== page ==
Last week in Dublin, I took part in the kick-off of the follow-up of the Creative Museum Project, the Making Museum. One of the focus areas of the Creative Museum was the collaboration between creative communities and cultural institutions. How can museums create spaces and opportunities for the creativity of their audiences?
In the Creative Museum Project, we both collected case studies of successful collaborations, as well as tools and approaches to make this happen within your institution. We will build upon this experience in the Making Museum Project.
I believe the question of collaboration between different types of organisations and individuals, and how to approach and design this, is one of the big challenges for the next decade. Museums and all kinds of organisations are recognising that the only way to be successful in a hyper-connected world is to work together. As the related trend in Cards for Culture says, “The rationale for sharing resources, people and ideas is crystal clear,” but working together is not easy, and every creative collaboration requires partners to rethink both their practice and the merits of working together.
New creative collaborations are popping up everywhere, and the results of these experiments often result in dynamic new organisations that re-envision the way people and ideas come together. In Dublin, I visited three examples of such creative collaborations, each providing fresh ideas about what this may look like in the future:
- The Chocolate Factory is a creative community which brings together 32 different creative professionals and organisations in a low-key manner. It is a DIY co-working space, where members are selected based on their willingness to work together, instead of the industry they work in. This stimulates unexpected collaborations and creates a room for new innovations.
- The Library Project of PhotoIreland and their new Critical Academy take a different approach to collaboration. Both initiatives provide professionals with skills and experiences that complement their practice. For instance, artists are taught business and networking skills. Their building in Temple Bar does the same thing by combining functions (a library, gallery, book and gift shop, event space) to be a destination for more than one group of people, and be a bridge between different professions and disciplines.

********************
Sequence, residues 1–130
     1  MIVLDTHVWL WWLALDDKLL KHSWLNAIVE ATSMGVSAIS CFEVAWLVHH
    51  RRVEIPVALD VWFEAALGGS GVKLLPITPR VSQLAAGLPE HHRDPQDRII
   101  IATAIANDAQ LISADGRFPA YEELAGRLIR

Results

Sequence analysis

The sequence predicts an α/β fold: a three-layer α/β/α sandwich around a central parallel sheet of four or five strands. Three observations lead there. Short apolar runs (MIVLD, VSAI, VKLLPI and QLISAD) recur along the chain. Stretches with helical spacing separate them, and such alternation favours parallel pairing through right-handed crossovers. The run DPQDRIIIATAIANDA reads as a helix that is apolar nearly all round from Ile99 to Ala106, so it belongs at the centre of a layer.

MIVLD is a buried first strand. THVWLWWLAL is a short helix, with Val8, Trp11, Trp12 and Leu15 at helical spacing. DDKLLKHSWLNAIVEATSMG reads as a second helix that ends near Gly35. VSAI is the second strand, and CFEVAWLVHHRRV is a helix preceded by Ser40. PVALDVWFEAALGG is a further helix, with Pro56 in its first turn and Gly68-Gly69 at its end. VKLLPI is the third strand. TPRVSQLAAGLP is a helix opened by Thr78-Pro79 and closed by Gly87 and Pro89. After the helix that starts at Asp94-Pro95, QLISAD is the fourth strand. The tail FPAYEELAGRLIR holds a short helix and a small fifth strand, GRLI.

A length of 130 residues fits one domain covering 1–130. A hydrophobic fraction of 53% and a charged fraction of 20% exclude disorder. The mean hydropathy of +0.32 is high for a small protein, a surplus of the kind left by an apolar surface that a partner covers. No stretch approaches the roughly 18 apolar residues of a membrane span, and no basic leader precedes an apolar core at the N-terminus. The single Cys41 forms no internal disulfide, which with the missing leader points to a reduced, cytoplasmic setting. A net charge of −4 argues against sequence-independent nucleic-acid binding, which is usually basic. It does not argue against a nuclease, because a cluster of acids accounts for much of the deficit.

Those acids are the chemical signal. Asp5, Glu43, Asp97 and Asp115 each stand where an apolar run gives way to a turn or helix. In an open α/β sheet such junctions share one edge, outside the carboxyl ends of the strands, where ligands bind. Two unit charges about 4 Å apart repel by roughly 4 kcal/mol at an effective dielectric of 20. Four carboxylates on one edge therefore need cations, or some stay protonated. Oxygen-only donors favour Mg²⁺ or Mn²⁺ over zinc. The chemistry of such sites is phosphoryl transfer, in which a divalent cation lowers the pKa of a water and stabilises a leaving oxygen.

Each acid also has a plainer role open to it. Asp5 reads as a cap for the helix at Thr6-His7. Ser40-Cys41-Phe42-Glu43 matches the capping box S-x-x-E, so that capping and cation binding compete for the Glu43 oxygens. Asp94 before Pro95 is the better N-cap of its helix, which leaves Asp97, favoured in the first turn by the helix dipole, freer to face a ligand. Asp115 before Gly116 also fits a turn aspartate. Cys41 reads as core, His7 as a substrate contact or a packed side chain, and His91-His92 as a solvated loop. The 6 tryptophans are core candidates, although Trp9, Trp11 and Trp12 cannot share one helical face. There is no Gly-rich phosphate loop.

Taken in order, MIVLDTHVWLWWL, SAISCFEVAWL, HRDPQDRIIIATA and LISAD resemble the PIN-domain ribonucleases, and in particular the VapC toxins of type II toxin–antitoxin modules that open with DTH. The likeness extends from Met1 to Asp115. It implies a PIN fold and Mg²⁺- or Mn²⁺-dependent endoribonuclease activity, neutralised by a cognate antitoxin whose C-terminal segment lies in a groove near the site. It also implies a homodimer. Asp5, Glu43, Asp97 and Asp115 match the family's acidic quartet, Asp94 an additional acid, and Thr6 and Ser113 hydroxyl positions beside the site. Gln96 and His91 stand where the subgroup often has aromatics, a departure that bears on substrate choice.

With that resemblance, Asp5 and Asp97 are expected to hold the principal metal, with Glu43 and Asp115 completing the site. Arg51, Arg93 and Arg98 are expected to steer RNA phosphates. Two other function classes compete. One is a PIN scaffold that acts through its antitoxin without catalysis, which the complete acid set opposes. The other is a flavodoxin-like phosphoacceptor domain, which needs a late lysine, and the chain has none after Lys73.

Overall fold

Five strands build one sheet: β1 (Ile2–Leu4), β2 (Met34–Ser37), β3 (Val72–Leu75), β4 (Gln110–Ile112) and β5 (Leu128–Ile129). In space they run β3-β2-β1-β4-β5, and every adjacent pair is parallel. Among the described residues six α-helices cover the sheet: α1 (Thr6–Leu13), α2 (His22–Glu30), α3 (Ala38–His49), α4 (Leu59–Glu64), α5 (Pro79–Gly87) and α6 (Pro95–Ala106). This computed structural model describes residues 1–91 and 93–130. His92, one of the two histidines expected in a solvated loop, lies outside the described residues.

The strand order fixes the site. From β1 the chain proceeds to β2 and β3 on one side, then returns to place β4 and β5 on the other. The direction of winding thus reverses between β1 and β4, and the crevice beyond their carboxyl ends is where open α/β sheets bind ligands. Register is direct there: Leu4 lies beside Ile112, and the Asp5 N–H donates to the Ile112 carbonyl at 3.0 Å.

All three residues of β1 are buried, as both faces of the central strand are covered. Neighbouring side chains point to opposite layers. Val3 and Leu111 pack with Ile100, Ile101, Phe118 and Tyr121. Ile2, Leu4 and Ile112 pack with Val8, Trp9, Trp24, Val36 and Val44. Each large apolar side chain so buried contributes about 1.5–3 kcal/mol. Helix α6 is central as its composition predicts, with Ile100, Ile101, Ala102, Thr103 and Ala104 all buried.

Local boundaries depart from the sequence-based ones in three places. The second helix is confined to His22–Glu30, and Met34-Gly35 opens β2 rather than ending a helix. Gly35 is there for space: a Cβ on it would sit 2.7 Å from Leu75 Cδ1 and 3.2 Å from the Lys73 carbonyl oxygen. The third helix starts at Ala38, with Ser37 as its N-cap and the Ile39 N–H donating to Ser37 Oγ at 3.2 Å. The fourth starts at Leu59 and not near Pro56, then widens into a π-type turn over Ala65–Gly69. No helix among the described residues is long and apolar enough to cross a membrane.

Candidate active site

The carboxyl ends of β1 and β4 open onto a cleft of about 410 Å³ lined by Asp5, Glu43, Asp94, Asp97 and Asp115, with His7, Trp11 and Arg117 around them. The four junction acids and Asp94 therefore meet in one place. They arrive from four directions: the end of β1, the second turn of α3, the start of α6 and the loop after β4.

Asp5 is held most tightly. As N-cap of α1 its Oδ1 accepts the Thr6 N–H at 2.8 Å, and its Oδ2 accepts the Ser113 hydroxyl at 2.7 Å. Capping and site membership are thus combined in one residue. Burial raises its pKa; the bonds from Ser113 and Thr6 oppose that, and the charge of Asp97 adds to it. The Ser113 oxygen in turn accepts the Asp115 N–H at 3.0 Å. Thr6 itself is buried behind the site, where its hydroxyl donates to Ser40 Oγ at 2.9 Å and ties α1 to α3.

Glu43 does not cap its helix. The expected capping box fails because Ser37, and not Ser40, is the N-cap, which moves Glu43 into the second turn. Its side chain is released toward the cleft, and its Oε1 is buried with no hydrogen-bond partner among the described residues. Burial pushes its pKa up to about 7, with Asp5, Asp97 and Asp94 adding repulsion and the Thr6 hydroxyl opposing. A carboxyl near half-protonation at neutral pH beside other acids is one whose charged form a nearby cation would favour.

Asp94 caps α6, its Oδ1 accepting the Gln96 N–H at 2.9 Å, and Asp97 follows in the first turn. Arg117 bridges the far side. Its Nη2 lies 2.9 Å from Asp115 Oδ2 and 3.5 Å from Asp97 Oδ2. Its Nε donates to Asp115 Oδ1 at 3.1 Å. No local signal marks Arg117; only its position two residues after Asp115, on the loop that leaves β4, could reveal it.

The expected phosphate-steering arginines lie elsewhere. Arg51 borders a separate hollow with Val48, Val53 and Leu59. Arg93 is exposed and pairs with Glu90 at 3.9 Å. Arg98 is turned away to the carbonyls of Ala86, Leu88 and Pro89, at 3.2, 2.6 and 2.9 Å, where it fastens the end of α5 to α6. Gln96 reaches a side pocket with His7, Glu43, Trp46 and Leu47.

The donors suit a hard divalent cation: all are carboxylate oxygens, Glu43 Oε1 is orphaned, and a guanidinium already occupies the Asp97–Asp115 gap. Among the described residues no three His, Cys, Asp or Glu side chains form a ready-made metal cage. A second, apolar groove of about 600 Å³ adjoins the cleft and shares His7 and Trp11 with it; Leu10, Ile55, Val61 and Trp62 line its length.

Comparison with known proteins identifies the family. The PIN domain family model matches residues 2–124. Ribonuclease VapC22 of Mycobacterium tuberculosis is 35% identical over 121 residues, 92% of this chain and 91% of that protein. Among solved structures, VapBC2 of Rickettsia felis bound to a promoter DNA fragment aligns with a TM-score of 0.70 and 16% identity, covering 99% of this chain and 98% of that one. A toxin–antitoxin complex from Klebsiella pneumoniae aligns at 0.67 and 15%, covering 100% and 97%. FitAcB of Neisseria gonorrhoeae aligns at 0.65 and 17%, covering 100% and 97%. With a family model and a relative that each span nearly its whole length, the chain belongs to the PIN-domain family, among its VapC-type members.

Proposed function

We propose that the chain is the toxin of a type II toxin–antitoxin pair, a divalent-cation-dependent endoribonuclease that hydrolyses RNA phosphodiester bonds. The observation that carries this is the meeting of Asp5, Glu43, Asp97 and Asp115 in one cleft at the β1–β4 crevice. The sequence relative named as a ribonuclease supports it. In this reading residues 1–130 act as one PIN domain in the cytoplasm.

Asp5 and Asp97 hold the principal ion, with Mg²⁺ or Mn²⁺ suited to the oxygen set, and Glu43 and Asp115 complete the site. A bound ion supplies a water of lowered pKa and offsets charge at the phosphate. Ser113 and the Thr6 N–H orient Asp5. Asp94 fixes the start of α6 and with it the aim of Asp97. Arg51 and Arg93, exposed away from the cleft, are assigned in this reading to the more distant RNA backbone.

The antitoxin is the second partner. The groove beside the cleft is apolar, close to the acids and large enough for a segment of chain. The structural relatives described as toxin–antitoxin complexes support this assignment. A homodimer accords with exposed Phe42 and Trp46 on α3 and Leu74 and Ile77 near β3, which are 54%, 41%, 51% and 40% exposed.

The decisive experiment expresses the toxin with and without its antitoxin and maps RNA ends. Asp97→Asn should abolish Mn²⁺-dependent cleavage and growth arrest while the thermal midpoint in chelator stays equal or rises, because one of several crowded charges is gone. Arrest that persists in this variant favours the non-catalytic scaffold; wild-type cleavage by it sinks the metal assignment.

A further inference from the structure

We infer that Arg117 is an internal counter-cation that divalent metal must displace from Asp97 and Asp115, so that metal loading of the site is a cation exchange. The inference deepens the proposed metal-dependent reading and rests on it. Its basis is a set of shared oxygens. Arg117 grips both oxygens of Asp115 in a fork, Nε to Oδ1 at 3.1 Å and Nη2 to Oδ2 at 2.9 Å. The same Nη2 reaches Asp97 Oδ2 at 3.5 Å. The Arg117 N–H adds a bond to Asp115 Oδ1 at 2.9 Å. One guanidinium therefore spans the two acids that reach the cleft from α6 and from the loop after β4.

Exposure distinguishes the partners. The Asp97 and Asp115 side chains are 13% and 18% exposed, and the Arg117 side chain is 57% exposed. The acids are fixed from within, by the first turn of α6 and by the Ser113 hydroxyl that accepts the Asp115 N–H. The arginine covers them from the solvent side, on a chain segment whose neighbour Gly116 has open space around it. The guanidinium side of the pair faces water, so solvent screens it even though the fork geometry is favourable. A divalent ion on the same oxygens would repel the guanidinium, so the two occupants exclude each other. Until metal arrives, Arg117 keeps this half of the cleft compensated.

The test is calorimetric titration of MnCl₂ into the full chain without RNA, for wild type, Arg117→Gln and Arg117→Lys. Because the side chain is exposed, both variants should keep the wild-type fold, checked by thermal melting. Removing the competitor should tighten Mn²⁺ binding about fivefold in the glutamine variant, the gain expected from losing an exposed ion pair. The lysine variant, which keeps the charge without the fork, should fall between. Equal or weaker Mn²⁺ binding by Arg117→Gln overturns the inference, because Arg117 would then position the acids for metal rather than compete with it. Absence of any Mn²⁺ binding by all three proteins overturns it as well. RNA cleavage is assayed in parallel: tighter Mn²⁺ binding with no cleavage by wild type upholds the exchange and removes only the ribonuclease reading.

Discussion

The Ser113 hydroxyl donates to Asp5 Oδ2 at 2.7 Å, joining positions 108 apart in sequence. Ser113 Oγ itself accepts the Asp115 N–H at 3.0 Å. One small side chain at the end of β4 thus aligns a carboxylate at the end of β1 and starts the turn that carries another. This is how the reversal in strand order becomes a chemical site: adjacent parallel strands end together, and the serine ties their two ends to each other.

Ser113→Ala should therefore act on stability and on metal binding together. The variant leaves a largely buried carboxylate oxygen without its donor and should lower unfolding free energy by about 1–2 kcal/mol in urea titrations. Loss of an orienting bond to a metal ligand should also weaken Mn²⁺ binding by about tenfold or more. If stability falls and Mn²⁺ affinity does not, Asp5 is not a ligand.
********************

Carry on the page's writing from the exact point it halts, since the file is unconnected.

- The Little Museum of Dublin is a collaboration between the people and the city of Dublin and the museum, as well as the visitors to the space, to tell a highly engaging and interactive history of the city. The collection of the museum is given to the museum by the people of Dublin, and their stories are told in a highly interactive tour. Collaboration in the Little Museum is probably driven by a shared pride in the city and a shared sense of joy in the result of the collaboration: when I visited this TripAdvisor favourite, at least half the audience was from Dublin.
In the Creative Museum Project, one of the conditions for collaboration is called ‘Spaces for Yes’. Although they are very different from each other, each of the three organisations in Dublin is a space for yes, and there is something to learn from all three of them. The Chocolate Factory shows how with a spirit of collaboration, many collaborations are possible. The Library Project shows how collaborations can enhance the individual practice of people. The Little Museum of Dublin is proof for the fact that collaboration can be fun, and this fun can drive the collaboration.
The Making Museum Project will run for 18 months, which gives us plenty more time to visit and document more organisations that are engaged in creative collaboration. Which one should we visit according to you?
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